This Is My Job

I ask Justine if I please can visit the restroom.

Bathroom. Powder room. What word should we use in hospital situations? Anything but a bedpan, I pray thee dear Lord.

She unbuckles my wrists, shows me how to exit the bed and walk while dragging the drip fixture. Says she’ll stand in the corridor to give me my privacy, return as soon as I press the call button draped across the bedpost.

In the restroom I make a dreadful mess. Try to clean the soiled fixtures and floor, to no avail. Too dizzy. Stagger. Stumble. Almost fall.

Clamber into bed. Press the button. Shamefully apologize for what I’ve done, how I’ve imposed.

Justine won’t have it.

“Now, now. You cannot help this. This happens to every patient who comes to G.I. None of you would be here if you could help it.”

Surely anyone else would feel angry, embittered, convey contempt, ooze victimization. All of which would be altogether reasonable.

Not she.

“Just you think for a moment, will you please? This is my job. I would not have my employment if you were not suffering from your illness. Therefore, you should not be grateful to me. It is I who am grateful to you.

You would need to be a stone not to care about this person.

This citizen.


Isabel Returns

After Justine fixes the problems I’ve caused, I ask about her family, their history, their life in D.C.

We yak for such a long while that Isabel comes to see what can be taking her apprentice so long. Sits. Listens. Rocks back and forth in her chair. Nods now and then. Looks wistful.

I ask about her loved ones, her story. She tells us wrenching tales, epics, of upheaval, torment, suffering, sorrow. Tribal battles. Regional wars. National apocalypse. Dislocations. Exiles. Multiple heroisms amid generational chaos and butchery.

The most hardened xenophobes in America would sob with sympathy, genuflect with respect.


Marisa & Carlos

An alarm sounds in the corridor. Isabel and Justine take their leave.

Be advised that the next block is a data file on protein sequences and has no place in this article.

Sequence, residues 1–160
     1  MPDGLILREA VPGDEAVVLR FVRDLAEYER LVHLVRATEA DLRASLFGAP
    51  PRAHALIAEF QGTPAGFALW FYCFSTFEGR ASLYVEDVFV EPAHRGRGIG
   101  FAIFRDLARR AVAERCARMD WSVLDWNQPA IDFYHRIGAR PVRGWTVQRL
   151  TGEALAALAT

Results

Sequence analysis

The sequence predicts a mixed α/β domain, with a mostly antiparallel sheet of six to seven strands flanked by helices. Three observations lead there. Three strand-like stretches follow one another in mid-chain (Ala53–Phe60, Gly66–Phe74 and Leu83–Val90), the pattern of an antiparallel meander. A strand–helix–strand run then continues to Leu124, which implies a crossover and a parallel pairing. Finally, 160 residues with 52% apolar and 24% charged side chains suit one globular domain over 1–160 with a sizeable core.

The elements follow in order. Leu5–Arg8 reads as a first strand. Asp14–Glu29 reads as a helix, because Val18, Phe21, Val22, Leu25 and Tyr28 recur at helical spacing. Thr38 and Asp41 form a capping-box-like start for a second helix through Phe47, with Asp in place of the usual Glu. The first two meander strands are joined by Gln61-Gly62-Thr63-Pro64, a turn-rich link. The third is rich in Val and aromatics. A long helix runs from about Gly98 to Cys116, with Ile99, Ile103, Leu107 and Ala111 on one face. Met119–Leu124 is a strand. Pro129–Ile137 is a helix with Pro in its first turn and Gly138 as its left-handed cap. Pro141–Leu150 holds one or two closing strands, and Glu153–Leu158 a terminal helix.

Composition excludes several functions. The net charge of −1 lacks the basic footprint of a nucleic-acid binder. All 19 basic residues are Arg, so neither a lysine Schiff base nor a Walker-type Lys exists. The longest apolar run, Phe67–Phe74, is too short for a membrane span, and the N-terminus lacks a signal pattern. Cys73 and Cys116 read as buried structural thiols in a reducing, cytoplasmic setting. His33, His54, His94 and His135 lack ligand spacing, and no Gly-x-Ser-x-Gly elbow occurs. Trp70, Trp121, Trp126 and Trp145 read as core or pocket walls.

I think about their narratives. Toss and turn. Fall asleep.

Wake up. A nurse I have not yet met is shaking me.

“Hello. I am Marisa.”

She injects a medication into the drip device. Adjusts its flow. Discards the hypodermic into a strongbox. Grins. Asks with a twinkle if I am enjoying my liquid luncheon.

She is compact, stocky, unpretentious. She too wears a crucifix around her neck, which she frequently clasps and caresses with a hushed murmur and a reverent motion of her left hand.

She tells me she and her husband came to America from Venezuela nine years ago. They have two daughters. Jana is eleven. Francesca is eight.

Carlos is a police officer in Baltimore. Perilous duty. Although Baltimore is a handsome city fortunately sited, historically prosperous, many of its neighborhoods are riven with fearsome violence. Each morning when the family sets out for work she cannot be certain her husband will return to them at night.

Their employments are secure. They own their home. Their mortgage is manageable. Their health insurance coverage is pricy but adequate. They have two aged but functional cars. Mariano keeps them in good repair.

Their problem is education.

Their district’s public schools strive to succeed, but the infrastructure is decrepit. The curriculum and pedagogy are pitched to the lowest common denominator. The co-curriculum is drastically underfunded. Safety is an omnipresent hazard. Although they can ill-afford the cost, they feel they must enroll their children in their church’s parochial school.

The parish school is protected by steep iron gates topped with coils of barbed wire, patrolled by a private guard and a pair of highly trained Doberman pinchers.

“These are wimp dogs, but they look ferocious and they bray like maniacs at all males.”

The buildings, though hoary, are well-maintained. The course designs and teaching styles are dated. Yet Marisa believes the teachers, if overly doctrinal, are incomparably more conscientious and effective than the public schools’ faculty.


This Is Our Wish

Isabel and Justine return.

Isabel busses Marisa’s cheeks, first the left, then the right, then the left again.

Reads my charts again. Takes my pulse, redundantly, for the machines ceaselessly record, graph, and display all organic functions. Recalibrates my drip. Straightens my blanket, pats my shoulder, and tells me my doctors have ordered a second transfusion.

I hadn’t known I’d received a first. Must have slept through that.